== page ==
Advanced Legal Reasoning Skills
Lawyers are frequently required to develop arguments and to
communicate those arguments in written prose. These arguments often
involve complex chains of reasoning. Developing such arguments, and
presenting them clearly, are difficult and time-consuming tasks.
A technique known as argument mapping can help lawyers articulate
complex reasoning and produce better-organised, more compelling documents.
Argument mapping is producing "box and arrow" diagrams of reasoning. This
process is now supported by specialist software.
This one-day, practice-based workshop covers the fundamentals of argument mapping for
legal reasoning and writing. The relevant concepts and skills are
introduced and practiced in the context of one common task, producing a
short legal advice.
Participants will find the workshop helps them
- Construct well-formed arguments
- Express complex reasoning in written prose
- Learn basic principles of argument mapping
- Produce a quality legal advice
The workshop has four main sessions spread over two half-day sessions
1. Introduction and Overview
- Qualities of a good legal advice
- Example: a poorly-drafted advice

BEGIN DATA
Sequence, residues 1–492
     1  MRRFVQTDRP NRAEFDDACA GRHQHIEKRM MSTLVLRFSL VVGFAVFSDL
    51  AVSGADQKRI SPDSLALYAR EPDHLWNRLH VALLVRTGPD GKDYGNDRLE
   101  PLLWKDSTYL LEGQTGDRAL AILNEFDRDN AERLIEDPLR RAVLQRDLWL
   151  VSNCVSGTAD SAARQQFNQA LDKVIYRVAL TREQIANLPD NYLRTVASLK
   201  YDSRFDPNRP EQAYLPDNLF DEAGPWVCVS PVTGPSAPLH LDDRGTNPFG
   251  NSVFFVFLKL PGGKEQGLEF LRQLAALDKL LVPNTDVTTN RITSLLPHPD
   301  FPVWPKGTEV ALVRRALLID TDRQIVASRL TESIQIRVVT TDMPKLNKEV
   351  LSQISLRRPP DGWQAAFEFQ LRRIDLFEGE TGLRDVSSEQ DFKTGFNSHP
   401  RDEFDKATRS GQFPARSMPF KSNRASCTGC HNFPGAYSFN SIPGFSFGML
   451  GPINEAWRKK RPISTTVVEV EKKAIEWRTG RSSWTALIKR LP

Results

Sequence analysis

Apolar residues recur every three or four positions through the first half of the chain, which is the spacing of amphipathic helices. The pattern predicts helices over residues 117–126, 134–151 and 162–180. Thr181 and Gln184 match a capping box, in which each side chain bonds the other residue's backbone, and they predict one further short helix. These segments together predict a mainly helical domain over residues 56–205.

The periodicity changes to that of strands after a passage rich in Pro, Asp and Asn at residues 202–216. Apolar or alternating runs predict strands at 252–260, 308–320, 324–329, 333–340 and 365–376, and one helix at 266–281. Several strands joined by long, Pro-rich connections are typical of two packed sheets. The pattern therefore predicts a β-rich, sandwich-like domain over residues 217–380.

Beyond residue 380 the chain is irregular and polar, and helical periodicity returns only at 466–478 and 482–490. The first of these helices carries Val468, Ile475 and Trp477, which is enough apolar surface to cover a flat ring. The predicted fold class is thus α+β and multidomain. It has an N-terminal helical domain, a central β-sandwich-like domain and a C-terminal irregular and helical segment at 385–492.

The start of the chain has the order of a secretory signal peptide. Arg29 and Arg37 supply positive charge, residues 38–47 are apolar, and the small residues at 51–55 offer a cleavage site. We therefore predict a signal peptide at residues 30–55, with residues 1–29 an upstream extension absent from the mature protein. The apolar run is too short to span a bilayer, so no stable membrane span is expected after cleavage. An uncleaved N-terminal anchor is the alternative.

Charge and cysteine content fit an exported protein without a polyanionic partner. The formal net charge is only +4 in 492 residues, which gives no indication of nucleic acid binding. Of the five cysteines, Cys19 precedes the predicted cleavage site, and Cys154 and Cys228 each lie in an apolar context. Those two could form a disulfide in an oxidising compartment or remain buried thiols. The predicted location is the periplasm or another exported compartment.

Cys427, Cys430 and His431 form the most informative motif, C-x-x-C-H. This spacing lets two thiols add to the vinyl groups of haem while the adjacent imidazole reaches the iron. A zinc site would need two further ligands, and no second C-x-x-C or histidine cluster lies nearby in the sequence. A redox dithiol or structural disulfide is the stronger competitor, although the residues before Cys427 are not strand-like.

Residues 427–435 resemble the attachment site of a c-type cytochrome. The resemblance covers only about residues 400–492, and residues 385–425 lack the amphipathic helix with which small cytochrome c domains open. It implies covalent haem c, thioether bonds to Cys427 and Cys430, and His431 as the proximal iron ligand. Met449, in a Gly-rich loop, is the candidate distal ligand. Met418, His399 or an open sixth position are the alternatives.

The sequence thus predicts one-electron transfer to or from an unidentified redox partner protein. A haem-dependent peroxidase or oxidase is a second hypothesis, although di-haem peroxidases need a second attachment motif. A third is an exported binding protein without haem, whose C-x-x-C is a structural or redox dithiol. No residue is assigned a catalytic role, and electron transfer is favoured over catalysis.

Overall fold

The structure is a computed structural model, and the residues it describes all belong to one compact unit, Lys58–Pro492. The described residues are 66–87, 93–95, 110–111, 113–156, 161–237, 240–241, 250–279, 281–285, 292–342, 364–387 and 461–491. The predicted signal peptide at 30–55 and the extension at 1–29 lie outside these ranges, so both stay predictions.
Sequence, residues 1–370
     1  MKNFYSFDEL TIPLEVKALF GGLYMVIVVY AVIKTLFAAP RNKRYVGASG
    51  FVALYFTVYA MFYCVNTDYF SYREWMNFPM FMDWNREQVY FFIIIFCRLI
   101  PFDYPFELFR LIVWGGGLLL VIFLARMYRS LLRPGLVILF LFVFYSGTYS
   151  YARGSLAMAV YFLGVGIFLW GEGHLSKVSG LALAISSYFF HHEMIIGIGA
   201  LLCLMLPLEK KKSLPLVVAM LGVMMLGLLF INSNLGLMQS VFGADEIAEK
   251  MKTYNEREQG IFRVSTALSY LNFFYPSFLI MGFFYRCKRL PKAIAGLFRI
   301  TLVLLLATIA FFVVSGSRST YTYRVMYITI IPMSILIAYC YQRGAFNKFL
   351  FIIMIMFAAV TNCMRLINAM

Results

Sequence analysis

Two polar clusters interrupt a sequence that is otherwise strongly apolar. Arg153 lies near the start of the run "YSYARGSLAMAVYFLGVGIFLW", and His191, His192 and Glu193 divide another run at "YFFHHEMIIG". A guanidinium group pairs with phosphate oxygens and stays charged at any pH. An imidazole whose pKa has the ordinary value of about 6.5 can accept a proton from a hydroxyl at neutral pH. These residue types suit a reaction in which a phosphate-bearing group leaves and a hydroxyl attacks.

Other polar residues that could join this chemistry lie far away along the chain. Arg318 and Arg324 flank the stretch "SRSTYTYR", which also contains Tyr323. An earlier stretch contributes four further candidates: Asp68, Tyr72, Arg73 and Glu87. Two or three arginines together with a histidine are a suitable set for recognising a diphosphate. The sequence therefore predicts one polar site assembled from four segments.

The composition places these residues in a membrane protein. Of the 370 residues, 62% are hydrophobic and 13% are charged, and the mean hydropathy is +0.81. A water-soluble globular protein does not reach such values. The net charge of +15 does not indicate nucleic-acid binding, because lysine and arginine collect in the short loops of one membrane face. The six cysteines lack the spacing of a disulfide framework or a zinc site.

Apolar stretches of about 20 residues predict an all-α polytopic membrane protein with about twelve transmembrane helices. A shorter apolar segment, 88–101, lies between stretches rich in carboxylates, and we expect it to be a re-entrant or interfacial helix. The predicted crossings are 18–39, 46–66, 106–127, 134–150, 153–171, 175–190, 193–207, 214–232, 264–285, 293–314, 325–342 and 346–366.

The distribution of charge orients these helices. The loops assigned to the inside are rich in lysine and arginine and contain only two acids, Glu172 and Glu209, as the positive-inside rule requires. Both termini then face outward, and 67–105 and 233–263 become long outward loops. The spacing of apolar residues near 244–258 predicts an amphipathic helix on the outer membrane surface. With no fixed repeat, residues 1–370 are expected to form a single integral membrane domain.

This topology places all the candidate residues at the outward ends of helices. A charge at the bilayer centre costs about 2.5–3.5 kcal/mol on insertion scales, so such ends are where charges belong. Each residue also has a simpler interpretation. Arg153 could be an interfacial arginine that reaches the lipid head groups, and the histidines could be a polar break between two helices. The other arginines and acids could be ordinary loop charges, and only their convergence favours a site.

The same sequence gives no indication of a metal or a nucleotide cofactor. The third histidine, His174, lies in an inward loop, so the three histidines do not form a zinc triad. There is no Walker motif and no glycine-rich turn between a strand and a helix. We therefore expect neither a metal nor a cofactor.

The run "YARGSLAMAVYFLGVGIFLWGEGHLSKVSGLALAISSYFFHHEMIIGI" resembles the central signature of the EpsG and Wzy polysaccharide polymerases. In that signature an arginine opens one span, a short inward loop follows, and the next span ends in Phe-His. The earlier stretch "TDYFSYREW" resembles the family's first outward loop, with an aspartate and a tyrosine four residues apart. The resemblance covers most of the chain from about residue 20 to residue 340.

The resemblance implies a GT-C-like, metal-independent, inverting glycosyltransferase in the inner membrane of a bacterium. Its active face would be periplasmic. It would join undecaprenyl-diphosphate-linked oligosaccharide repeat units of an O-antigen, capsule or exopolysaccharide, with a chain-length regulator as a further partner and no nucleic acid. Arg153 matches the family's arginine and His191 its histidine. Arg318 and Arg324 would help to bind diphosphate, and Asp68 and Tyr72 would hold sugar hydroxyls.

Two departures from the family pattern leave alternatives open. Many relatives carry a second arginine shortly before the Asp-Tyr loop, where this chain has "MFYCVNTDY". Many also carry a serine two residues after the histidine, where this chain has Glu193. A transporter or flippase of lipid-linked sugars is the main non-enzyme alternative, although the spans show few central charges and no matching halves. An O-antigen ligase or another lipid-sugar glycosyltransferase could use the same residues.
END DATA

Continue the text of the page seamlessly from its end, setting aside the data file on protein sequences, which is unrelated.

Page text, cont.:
- Introduction to argument mapping
- Argument mapping activity
2. Microstructure: Simple Arguments
A simple argument is a specific piece of evidence bearing upon a single
claim. Simple arguments are the building blocks of all reasoning.
- Claims, premises and co-premises
- Evidential relationships
- "Rabbit" and "Holding Hands" principles for articulating simple
- Simple argument templates for legal reasoning
- Simple argument exercises
3. Macrostructure: Well-formed Complex Arguments
- Combining simple arguments
- The "Pyramid" principle, governing the hierarchical structure of
- The "MECE" principle, governing structure at a given level
- Argument redrafting activity
4. Expressing Complex Arguments in Prose.
- Mapping from an argument tree to prose
- Argument structure indicators
- Advice-writing activity
- Summary and evaluation
Dr. Tim van Gelder, Austhink principal, and Associate Professor of
Philosophy at the University of Melbourne. Tim is a specialist in
argument mapping and developer of the Reason!Able software.
Andrew Palmer, Barrister and
Senior Lecturer in the Law
School at the University of Melbourne. Andrew teaches Evidence and
applies argument mapping techniques in his teaching.
The standard Austhink fee is $2,000 + GST per trainer per day plus
For further information please contact
Tim van Gelder - 03 9225
5218 - fax 03 9347 1504